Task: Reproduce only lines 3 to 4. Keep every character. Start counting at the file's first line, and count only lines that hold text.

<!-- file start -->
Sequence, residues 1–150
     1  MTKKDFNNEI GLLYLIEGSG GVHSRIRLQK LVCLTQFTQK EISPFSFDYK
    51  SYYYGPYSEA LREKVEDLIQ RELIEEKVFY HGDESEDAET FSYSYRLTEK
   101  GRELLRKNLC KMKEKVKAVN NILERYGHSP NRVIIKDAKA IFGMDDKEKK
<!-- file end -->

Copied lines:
    51  SYYYGPYSEA LREKVEDLIQ RELIEEKVFY HGDESEDAET FSYSYRLTEK
   101  GRELLRKNLC KMKEKVKAVN NILERYGHSP NRVIIKDAKA IFGMDDKEKK